I will be honest here and admit that this is how I start out most of my weekly CTWM posts. However, this week, I can’t help but feel like my bandwidth problem is being caused by a specific chain of events. So, allow me to recap here some happenings of the past month or so:
– I received confirmation that my proposal to speak at the 2013 Transgender Lives conference about legal issues concerning transgender students was accepted, meaning that I now have two separate education law speaking engagements booked for this spring.
– I received the latest of the many potential client referrals I always get, which are always plaintiff-side, and which I always turn down for that reason–although I always pause and consider, what if next time I say yes?
– Quite eerily, I happened to come across a lot of articles online about working moms who leave their jobs shortly after the birth of a second child.
– I talked to our daycare about a possible part-time rate.
– I started working with a sales rep on a free trial of a legal research database, including discussions about different (hopefully lower?) rates for solo practitioners.
– I parted ways with the law firm where I have been an associate for about 4.5 years, during which time I gave birth to my two kids.
– I kicked into high gear with my plans to start a solo practice.
Wait, what just happened there?! Oh, so that could be why my head is so fuzzy and I have a million thoughts competing for space at any given time. I’m going through a career overhaul and a major life change!
Well, not an overhaul really. I have been a lawyer for over 8 years, and practiced education law as a school board attorney for approximately 5 of those 8 years. So, to start a solo practice representing parents trying to navigate the public schools, particularly those dealing with the special education system, should not be that drastic of a change for me.
And yet, it is most definitely an enormous change. It’s tough going from a steady paycheck to, um, no paycheck at all, at least not until I obtain some clients, hopefully ones who can pay me. And it feels strange to walk into my child’s daycare every day in jeans, and then head out to buy groceries, or home to start laundry, and then, you know, work on getting my business up and running.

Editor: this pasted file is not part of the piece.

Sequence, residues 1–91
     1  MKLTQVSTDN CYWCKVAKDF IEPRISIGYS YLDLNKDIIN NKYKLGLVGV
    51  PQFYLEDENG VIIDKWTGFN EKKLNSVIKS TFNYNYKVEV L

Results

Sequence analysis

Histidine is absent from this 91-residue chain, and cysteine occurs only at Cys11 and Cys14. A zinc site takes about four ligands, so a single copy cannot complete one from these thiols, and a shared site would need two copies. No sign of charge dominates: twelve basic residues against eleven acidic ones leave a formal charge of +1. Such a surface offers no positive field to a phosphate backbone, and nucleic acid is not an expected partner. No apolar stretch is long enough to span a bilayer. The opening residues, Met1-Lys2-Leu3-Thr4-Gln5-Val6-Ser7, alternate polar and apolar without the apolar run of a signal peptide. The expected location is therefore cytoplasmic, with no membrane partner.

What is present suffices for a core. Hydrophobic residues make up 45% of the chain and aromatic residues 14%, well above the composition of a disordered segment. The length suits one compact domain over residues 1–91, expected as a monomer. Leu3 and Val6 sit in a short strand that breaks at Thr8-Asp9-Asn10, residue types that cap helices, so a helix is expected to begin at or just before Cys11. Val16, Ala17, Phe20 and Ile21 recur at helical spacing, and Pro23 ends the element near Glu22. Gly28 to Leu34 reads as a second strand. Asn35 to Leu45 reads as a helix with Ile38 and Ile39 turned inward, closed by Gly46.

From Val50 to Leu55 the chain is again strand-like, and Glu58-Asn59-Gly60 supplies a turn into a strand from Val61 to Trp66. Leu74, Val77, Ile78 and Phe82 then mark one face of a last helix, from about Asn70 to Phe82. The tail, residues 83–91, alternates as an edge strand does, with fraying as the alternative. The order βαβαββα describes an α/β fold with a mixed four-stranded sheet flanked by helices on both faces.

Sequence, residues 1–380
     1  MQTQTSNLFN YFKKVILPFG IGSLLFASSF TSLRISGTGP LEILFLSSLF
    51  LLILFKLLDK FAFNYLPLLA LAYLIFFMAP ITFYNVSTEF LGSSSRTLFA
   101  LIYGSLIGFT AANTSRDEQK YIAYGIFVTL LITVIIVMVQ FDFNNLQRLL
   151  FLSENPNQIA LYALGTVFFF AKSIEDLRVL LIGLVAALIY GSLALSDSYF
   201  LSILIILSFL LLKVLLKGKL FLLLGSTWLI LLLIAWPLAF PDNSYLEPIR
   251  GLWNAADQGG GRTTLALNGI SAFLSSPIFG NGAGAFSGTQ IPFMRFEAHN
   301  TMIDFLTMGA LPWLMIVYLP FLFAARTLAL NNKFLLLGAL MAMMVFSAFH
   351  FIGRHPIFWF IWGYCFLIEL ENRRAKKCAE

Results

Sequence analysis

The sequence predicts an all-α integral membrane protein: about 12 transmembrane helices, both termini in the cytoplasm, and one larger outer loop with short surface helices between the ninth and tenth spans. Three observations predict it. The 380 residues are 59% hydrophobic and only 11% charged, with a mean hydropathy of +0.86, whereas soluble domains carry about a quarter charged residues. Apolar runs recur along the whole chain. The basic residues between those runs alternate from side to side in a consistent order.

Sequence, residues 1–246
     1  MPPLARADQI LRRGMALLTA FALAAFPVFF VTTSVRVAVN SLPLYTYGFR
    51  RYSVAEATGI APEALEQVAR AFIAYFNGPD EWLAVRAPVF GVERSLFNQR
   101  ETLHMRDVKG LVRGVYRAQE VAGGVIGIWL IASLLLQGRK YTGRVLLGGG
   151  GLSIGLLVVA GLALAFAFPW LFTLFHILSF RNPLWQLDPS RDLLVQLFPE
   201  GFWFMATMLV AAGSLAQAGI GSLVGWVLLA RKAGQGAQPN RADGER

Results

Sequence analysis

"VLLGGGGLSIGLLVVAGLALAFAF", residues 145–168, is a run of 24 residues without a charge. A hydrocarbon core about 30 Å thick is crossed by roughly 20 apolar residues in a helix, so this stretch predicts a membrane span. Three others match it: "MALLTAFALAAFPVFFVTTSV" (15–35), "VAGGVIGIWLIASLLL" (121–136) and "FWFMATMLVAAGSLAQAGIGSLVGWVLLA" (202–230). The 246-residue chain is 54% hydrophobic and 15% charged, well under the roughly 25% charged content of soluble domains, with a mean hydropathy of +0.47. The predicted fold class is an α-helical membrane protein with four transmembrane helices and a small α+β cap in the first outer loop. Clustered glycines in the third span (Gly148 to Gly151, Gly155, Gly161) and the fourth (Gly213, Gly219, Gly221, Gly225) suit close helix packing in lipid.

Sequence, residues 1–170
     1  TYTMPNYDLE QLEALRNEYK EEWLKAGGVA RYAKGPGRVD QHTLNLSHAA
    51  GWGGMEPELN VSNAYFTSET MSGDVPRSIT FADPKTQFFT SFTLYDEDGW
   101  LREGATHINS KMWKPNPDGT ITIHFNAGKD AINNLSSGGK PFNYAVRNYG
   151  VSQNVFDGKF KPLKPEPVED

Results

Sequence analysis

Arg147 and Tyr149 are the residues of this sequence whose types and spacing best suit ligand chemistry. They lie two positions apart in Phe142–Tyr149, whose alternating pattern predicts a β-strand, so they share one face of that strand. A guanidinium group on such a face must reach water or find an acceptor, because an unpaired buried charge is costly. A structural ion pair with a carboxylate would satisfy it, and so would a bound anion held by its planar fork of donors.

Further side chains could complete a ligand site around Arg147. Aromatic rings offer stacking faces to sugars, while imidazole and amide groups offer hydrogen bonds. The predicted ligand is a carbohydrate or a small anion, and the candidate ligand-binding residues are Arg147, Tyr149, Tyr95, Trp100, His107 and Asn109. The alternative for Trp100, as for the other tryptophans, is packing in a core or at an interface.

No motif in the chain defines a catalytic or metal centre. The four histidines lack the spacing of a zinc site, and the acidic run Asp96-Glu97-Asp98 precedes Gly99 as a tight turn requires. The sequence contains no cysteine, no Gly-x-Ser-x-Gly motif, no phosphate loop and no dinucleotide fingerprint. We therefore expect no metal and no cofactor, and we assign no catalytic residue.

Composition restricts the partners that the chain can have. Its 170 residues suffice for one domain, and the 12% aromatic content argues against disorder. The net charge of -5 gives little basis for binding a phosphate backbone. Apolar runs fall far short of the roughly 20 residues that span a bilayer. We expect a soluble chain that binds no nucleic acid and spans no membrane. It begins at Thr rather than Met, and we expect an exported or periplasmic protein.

And with regard to the very few people to whom I have revealed my plans so far, it is tough, very tough, to face the inevitable questions and concerns from well-meaning friends and family. I mean, everyone is supportive, but it’s a qualified kind of support: What if you don’t find clients right away? Maybe you shouldn’t start looking for clients yet — what are you going to do, meet them in your living room? What does your husband think, is he stressed out about it? Will you be able to break even, let alone make a profit? All of these polite inquiries are really demanding that I answer the same, really big question: What if you fail?
I only have one answer to that, and it doesn’t seem to explain things to people’s satisfaction: I won’t fail. I won’t, because I can’t.
It’s easy to say that, however, when your definition of success is to maintain the sort of lifestyle you want (the word “humble” comes to mind), rather than bring in oodles of cash. I mean, would I love to do something revolutionary in the practice of law? Yes, absolutely: my vision is to provide affordable yet powerful advocacy for children with disabilities. This is not an original concept, but it is a truly revolutionary one, especially given the fact that so many lawyers cannot find work, yet the vast majority of people who require legal services cannot afford them. But about that lifestyle thing … yeah, what I also want to do is use the knowledge and skills I have obtained over the years and start working for myself, instead of working for someone else. And it just so happens that my reasons for wanting to work for myself include my desire to go off the clock at 4:00 p.m. and make dinner for my family — even if it means I will need to go right back on the clock at 9:00 p.m. And yes, I know, I know … as a solo, I run the risk of being even busier than I was as a law firm associate, that is, if I want to “make it.” But again, to “make it” in my world means learning to get by on a severely reduced income, while doing work I’m passionate about. I can stay in an environment in which I am unhappy, but secure, forever, or I can grow some wings, take flight, and risk pulling an Icarus. But what’s clear about this scenario is that I’ll never fly at all if I stay stuck where I am.
So right now I am taking all the information I have absorbed in the past few years about entrepreneurs, solopreneurs, and yes, mompreneurs, and I am attempting an experiment in hanging my shingle. Like any other kind of “-preneur” out there, I want it to be a successful experiment, and I
think know it will be, because I choose to define what success means for me by my own standards, and not by anyone else’s.